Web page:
Cuba became part of my life since my first visit 1997.
My travels to Cuba gave birth to the project “My Street” – with photographer Babak Salari in 2009 we collected stories and photos of Cubans about their streets and published them in the book “My Street. Cuban Stories”. Joseph Scarpaci wrote a review about the book in Journal of Latinamerican Geography calling it “a delightful portal to the human condition in Cuba”.
In 2012 a second book was published – “Behind Doors” – with stories suggested and collected by Cubans in 2011. 2017 some of those stories have been published by Philip Graham in the prestigious US-Magazine NINTH LETTER.
Both books were designed by Raycho Stanev. Martin Dietrich and Valia Carvalho from Germany contributed to the second book.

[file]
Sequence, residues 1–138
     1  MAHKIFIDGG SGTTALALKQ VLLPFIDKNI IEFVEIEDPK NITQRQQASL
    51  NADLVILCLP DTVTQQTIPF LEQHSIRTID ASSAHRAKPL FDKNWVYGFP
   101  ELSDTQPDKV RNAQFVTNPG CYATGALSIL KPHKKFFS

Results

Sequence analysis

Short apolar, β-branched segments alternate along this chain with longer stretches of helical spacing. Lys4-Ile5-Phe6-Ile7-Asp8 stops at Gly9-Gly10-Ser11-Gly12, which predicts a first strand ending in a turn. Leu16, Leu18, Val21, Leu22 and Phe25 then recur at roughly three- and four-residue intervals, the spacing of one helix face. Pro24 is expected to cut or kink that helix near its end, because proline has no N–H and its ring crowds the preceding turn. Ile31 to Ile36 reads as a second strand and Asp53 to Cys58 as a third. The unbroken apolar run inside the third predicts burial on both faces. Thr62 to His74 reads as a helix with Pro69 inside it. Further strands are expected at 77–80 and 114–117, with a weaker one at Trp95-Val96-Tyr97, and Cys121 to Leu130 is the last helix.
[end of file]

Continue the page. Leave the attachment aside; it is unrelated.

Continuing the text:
Para vivir con paz interior hay que ser un imbecil. O no?
Pedro Juan Gutierrez
“Trilogia sucia de La Habana”
I have been to Cuba many times – first in 1997, and again and again in the years after. On each of these visits, unexpected encounters occurred and baffled me. Once in Havana I told a woman I was Bulgarian, and she gave me a blessing. She told me a Bulgarian family saved her from starvation in the early 90s.
Another time in Santiago, on hearing I was Bulgarian, a man told me about the woman of his life, also Bulgarian, then bent, and kissed my hand.
An old man I met in Santiago street joked to me in Bulgarian, using old-fashioned slang (“Na baba ti hvarchiloto”). Finally, an opposition leader asked me when I visited him in Havana: “Why did you, Bulgarians, forget you are now free and we are not yet free?”
Each time I’ve ended up going away bewildered – I didn’t’t know what to do with these stories and questions.They stirred with the sounds of Havana and Santiago, and alarmed me. There is something truly alarming in discovering that your own past and your own memories matter to someone living far away.